“If it was a guaranteed spot at the Mountlake Terrace park and ride, I would crunch the numbers,” Cristin Ford said. “But if the cost is close to equal, I would rather just drive into Seattle and have the flexibility of having my car.”

If Sound Transit charges the current market rate for parking, the agency said some spaces could cost as much as $90 per month — still far below the current rate many downtown Seattle parking garages charge.

In Auburn, private parking companies had seized on the high demand to open up their own for-pay lots near the overcrowded Sounder Station. The city then rolled out a paid parking program for a lot it owned nearby. At first, residents grumbled. “But, now there [are] never any complaints about having to pay for parking; now the only complaint is, ‘we want more of it,’ ” said Jeff Tate, Auburn’s assistant director of community development.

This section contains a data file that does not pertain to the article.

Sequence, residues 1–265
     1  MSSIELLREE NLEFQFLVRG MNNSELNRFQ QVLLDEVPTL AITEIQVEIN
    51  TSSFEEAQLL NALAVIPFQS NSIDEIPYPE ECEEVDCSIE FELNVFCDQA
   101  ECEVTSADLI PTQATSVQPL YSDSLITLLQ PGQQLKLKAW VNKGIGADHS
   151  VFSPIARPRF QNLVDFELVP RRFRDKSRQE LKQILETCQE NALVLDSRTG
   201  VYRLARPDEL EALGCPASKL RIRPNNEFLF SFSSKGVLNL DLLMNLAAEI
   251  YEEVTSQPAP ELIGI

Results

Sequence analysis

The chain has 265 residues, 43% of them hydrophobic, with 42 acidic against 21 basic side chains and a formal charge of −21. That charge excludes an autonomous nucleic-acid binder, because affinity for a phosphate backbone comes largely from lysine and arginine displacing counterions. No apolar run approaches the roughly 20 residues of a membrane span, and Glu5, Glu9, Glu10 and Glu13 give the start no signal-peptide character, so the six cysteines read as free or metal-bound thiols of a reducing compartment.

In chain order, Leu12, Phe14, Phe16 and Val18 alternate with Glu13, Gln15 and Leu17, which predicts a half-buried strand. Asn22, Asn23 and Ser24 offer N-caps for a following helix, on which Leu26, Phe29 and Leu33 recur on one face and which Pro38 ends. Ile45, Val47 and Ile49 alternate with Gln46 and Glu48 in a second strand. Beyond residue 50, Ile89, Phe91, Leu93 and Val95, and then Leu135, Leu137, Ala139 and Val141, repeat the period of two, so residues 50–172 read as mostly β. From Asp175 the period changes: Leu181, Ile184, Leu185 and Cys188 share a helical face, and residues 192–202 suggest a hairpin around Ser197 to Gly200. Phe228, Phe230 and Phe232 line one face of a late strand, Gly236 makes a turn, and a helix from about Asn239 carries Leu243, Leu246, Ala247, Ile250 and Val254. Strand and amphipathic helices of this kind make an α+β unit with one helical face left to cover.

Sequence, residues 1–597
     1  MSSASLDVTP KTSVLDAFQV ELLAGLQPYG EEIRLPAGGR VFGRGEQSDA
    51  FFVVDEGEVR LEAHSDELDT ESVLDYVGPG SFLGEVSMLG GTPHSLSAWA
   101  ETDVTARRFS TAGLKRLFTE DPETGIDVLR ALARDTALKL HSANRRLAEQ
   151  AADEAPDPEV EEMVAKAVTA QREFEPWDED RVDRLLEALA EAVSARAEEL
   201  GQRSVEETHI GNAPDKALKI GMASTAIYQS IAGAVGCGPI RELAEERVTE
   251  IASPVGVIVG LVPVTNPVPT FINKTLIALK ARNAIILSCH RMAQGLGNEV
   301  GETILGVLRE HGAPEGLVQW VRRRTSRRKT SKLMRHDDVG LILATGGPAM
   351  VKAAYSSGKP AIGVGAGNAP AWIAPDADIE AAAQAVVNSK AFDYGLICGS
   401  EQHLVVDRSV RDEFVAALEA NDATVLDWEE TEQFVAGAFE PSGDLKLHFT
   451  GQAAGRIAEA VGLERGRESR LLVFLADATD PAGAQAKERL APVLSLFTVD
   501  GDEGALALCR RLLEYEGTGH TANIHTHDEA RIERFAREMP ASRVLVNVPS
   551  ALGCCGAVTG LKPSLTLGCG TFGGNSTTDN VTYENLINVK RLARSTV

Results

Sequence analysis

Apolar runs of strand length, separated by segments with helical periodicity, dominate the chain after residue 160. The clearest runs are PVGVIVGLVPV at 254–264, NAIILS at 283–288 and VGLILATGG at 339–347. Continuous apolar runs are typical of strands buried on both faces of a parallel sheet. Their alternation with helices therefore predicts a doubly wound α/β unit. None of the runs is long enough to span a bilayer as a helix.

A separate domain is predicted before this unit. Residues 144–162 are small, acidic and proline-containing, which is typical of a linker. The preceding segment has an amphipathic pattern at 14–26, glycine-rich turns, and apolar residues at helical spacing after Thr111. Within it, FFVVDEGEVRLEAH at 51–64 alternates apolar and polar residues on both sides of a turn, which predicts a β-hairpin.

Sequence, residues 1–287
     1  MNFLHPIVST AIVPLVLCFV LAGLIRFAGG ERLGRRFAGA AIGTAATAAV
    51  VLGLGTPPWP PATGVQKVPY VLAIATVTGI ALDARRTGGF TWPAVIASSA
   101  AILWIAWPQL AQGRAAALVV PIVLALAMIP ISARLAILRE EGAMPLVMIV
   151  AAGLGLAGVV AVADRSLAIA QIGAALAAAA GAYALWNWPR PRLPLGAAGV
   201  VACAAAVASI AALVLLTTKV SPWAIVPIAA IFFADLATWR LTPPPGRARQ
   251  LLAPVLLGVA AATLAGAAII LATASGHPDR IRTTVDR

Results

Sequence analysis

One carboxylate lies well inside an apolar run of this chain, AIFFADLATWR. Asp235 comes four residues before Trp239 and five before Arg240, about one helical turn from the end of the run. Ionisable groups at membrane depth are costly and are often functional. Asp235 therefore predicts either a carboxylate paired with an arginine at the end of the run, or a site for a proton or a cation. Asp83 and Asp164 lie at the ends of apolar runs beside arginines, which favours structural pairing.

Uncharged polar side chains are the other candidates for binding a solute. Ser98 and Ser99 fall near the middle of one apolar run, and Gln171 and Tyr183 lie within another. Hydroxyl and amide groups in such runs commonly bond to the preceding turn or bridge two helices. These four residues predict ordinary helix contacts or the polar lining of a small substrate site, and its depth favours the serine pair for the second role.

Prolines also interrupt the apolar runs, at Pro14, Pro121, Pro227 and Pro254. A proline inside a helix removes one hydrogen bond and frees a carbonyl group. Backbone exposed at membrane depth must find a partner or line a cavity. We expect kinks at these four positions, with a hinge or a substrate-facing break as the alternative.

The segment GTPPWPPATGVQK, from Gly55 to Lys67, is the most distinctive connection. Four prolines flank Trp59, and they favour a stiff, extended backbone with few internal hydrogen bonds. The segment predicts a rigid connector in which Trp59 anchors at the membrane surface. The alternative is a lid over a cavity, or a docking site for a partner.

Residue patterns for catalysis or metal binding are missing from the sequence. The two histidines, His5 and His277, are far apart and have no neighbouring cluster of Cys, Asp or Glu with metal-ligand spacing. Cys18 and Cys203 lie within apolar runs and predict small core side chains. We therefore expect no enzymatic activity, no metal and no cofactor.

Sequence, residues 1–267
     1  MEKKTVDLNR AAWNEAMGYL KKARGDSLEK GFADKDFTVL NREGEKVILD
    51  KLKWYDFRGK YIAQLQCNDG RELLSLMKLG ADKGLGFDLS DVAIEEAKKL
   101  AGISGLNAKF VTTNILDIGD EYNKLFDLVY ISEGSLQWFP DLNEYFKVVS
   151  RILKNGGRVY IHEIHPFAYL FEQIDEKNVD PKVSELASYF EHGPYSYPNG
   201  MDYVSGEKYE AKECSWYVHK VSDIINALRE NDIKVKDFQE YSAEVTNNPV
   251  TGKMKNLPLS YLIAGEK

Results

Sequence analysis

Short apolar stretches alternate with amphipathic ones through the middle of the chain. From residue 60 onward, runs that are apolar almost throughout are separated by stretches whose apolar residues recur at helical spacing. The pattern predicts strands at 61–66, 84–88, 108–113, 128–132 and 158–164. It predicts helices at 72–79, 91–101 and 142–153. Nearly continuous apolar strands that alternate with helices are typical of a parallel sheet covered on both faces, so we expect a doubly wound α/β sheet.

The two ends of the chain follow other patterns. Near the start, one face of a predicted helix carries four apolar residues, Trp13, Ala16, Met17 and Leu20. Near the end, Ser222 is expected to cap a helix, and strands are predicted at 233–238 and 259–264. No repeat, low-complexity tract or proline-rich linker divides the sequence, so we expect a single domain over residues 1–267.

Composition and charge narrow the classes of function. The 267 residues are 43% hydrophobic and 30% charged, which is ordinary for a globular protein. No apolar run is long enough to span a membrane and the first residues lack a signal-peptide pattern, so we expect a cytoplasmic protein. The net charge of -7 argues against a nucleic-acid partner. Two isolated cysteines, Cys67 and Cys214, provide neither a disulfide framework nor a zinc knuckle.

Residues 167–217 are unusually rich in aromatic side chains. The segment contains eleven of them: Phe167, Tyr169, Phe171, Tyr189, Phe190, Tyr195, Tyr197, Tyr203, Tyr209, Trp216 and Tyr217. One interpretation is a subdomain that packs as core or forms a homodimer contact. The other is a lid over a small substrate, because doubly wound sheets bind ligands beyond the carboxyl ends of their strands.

Tate said charging for parking was just logical and allows the city to recoup the costs of managing the program.

“The rest of the taxpayers can’t foot the bill and subsidize the parking bill for private parking,” Tate said.

Please support independent local news for all.

We rely on donations from readers like you to sustain Crosscut's in-depth reporting on issues critical to the PNW.


About the Authors & Contributors

Lizz Giordano

Lizz Giordano

Lizz Giordano is Cascade PBS's investigative reporter, focused on following working conditions, government oversight procedures and labor organizing efforts across Washington state. She can be followed on Twitter @lizzgior or reached on email at